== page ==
Transformers in Behat

Transformers can provide a lot of helpful utility in Behat, reducing the work required to get what you need within your step definitions.

Say you have the following step in your .feature file:

Then I should have 2 products in the basket

Under the surface, you might have a step definition that looks like this:

/**
 * @Then I should have :count product(s) in the basket
 */
public function iShouldHaveNProductsInTheBasket($count)
{
    Assert::assertCount($count, $this->basket);
}

Now, the problem here, is that PHPUnit's Assertion assertCount() will complain that $count is not an integer and you'll get an error:

Argument #1 (No Value) of PHPUnit\Framework\Assert::assertCount() must be a integer (PHPUnit\Framework\Exception)

We could address this by casting it to an integer whenever we use it:

/**
 * @Then I should have :count product(s) in the basket
 */
public function iShouldHaveNProductsInTheBasket($count)
{
    Assert::assertCount((int) $count, $this->basket);
}

But ultimately, this feels:

  1. Unnecessary - why should we have to do this every single time?
  2. Tedious - someone will forget at some point, and it'll just be frustrating and a bad developer experience to have to go in and add it.

Transformers to the rescue!

Instead, we can add a transformer to look for a given argument in turnip syntax, or regex:

<?php

namespace Transformers;

trait CountToNumberTransformer
{

    /**
     * @Transform :count
     */
    public function castCountToInteger(string $count): int
    {
        return (int) $count;
    }
}

The transformer above will look for any step definition with :count as an argument. To use it, you'd just use the trait in your context class.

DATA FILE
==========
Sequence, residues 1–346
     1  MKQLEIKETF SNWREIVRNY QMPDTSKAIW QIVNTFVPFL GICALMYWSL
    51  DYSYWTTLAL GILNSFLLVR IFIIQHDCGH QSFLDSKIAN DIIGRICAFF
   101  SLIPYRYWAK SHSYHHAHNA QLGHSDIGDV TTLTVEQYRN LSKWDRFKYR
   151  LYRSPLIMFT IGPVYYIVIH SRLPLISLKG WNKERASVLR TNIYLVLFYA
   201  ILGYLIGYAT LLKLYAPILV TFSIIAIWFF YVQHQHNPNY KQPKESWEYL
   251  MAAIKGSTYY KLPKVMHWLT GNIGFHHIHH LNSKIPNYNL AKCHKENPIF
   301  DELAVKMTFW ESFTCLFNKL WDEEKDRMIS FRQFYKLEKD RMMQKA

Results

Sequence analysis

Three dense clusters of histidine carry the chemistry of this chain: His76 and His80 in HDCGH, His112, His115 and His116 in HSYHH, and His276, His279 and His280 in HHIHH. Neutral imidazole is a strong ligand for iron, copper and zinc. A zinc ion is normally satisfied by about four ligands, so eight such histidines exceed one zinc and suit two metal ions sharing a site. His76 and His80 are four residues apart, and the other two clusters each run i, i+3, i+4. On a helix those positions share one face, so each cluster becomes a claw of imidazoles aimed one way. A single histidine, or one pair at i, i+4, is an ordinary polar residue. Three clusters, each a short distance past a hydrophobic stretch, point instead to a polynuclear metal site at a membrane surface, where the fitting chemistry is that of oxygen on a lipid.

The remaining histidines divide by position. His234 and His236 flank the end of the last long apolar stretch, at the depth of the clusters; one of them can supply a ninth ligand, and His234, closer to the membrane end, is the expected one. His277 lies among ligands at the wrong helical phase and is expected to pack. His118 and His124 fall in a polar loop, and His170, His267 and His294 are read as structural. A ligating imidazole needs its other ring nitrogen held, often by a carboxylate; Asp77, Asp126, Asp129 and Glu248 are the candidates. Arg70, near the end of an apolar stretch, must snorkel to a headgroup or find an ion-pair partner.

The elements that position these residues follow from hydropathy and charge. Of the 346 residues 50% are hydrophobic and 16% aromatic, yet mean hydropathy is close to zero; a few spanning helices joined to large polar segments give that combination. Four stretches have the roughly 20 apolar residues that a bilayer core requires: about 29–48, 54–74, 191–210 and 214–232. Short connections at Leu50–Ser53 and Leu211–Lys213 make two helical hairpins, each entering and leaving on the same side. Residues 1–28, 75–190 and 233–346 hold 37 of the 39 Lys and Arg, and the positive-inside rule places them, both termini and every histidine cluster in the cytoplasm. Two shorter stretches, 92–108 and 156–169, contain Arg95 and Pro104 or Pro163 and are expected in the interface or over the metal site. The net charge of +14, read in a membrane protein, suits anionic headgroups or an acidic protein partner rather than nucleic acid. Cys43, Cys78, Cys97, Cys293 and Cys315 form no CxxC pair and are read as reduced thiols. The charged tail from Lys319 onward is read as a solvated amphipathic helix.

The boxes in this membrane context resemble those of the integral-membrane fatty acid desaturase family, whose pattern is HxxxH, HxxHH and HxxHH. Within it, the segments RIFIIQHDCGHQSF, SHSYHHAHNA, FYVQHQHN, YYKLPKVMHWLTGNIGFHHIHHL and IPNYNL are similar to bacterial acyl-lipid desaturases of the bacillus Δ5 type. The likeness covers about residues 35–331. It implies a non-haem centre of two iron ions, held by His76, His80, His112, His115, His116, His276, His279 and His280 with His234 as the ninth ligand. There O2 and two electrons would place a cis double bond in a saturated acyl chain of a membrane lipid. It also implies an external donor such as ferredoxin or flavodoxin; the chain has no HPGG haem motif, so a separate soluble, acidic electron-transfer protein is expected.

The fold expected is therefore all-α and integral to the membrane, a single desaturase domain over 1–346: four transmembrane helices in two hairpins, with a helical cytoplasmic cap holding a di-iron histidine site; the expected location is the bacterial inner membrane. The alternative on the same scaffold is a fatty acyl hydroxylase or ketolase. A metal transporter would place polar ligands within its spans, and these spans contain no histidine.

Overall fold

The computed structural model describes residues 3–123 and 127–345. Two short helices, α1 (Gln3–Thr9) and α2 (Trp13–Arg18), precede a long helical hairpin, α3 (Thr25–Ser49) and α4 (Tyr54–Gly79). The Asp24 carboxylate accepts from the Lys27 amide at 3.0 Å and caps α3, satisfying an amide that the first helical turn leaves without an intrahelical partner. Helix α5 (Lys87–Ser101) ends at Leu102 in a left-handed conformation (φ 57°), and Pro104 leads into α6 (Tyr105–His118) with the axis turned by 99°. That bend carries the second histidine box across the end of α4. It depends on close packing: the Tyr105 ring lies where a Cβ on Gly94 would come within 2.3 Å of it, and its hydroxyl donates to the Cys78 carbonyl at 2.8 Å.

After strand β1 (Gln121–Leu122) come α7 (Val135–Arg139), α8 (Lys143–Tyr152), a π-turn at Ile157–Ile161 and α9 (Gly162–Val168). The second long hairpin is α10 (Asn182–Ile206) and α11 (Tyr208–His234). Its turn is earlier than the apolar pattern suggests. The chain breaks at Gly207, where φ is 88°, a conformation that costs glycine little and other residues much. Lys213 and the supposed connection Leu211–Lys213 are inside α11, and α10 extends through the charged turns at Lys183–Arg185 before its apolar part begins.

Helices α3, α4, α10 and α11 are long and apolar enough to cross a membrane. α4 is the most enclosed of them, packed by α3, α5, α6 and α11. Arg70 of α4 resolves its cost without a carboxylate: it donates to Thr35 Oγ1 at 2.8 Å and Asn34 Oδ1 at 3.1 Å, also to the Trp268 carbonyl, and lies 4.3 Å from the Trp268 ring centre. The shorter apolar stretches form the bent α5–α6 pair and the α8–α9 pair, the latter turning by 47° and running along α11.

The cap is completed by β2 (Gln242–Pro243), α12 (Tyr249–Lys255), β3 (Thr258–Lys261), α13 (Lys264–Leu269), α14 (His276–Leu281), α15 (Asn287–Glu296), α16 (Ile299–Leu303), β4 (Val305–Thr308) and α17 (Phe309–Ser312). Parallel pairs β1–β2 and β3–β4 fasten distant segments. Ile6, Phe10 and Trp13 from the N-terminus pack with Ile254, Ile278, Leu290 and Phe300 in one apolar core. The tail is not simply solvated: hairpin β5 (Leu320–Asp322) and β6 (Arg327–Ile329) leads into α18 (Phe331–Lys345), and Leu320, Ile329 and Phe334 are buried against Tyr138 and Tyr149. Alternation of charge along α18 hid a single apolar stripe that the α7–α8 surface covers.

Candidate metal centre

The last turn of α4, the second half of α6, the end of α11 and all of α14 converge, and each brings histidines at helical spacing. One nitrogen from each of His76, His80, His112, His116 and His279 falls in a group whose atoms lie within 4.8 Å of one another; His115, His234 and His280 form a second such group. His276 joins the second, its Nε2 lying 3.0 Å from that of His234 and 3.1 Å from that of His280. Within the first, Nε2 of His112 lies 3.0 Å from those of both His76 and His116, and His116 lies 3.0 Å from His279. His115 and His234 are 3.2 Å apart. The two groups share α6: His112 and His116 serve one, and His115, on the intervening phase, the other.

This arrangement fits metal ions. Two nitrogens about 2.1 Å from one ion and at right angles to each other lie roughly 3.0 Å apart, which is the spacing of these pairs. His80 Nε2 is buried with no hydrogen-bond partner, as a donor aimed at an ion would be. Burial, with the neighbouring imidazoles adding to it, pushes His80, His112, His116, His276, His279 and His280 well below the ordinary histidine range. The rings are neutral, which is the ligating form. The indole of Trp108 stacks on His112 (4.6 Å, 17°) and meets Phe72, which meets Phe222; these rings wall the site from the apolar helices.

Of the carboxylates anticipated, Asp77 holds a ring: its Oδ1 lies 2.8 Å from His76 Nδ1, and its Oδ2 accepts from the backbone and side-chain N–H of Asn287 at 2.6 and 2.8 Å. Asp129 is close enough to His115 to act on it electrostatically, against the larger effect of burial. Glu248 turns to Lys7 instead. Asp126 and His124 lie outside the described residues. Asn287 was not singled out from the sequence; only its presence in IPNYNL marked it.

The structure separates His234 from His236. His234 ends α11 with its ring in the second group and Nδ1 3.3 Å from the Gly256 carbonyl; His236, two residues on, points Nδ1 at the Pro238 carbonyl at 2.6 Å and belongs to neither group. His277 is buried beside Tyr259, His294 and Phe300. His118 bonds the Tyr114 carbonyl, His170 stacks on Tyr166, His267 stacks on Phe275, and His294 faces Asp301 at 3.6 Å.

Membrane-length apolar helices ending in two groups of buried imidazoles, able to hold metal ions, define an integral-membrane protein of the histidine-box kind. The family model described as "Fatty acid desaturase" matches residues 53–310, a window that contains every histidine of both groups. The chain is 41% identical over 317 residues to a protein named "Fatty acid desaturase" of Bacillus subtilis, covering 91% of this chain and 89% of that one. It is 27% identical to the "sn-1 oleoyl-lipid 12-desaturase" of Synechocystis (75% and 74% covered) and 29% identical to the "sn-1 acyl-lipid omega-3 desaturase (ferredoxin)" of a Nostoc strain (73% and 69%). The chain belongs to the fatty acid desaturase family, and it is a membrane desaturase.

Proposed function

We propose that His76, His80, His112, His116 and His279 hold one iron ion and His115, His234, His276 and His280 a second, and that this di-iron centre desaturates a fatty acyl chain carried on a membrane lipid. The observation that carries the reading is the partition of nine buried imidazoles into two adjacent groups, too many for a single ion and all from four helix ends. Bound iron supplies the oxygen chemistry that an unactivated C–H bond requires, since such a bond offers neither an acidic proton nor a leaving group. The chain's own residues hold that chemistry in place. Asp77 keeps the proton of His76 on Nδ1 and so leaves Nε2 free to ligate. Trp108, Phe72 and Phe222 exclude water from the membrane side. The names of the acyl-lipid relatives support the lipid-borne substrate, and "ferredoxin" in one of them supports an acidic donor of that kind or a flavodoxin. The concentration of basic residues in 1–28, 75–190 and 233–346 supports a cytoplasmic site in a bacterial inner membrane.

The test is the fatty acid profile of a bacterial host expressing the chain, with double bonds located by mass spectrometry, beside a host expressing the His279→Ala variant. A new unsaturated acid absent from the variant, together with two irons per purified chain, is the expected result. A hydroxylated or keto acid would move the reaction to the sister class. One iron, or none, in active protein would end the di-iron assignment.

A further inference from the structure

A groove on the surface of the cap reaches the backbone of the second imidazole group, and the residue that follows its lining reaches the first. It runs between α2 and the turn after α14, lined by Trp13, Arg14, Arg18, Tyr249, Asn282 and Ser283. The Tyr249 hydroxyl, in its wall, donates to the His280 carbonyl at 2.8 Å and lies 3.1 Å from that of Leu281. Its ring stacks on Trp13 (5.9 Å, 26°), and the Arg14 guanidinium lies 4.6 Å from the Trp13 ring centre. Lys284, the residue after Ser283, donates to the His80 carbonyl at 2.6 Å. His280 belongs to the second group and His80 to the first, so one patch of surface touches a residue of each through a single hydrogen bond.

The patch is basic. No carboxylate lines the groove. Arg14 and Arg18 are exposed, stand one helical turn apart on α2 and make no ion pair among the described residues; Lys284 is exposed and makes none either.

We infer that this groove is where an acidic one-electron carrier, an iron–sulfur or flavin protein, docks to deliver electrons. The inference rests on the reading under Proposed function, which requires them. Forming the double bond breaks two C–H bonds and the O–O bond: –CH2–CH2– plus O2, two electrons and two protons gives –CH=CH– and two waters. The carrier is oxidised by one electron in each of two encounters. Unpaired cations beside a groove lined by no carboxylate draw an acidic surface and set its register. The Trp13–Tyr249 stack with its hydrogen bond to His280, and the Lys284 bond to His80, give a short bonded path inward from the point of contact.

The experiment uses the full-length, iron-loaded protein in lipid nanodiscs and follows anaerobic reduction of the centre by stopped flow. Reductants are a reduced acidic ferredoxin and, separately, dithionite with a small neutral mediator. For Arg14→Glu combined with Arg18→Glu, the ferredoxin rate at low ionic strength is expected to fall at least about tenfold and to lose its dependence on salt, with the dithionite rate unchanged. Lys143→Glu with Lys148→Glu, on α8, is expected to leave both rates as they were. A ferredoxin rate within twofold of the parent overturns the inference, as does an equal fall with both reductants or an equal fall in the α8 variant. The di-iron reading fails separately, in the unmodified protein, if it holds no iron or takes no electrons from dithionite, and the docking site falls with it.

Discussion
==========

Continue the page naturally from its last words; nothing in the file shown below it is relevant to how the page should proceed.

Alternatively, if you wanted to transform any number found (remember, it'll come out as a string though) into an integer, you could do:

<?php

namespace Transformers;

trait StringToNumberTransformer
{

    /**
     * @Transform /^(\d+)$/
     */
    public function castStringToNumber(string $number): int
    {
        return (int) $number;
    }
}

Personally, I prefer the first approach using the turnip syntax using :count. Transformers can be hard to debug, and a small mistake with regex can lead to all sorts of weird and interesting things happening. I generally avoid regex where possible and stick to the turnip syntax in most places when working with Behat. It's a personal preference thing, and I can absolutely see the benefit of regex in certain circumstances.

Getting more advanced

Casting to types isn't all a transformer can do. You could return an object constructed from the string in the argument:

<?php

namespace Transformers;

use App\Entity\Product;

trait ProductNameToProductEntityTransformer
{

    /**
     * @Transform :product
     */
    public function castProductNameToProduct(string $name): Product
    {
        return new Product($name);
    }
}

Or, even get something from the database if you're working with one:

<?php

namespace Transformers;

use App\Entity\Product;

trait ProductEntityFromDatabaseTransformer
{

    /**
     * @Transform :product
     */
    public function castProductNameToProductEntity(string $name): Product
    {
        /* setup $this->productRepository however you might do in your framework */
        $product = $this->productRepository->findOneBy(['name' => $name]);

        if ( ! $product) {
            throw new \Exception(sprintf('Cannot find product with name %s', $name));
        }

        return $product;
    }
}

Now if we need a product in our step definitions and our contexts are using this transformer, we know we'll just have a product entity to work with that's been retrieved from the database. If not, an exception will be thrown and the test would fail (which is what you'd want, if you can't find a product you're expecting to work with, you've got something that needs fixing!)

This post is another tagged being-awesome-with-behat - I'm using it as a place to post information I find useful as I work with Behat regularly.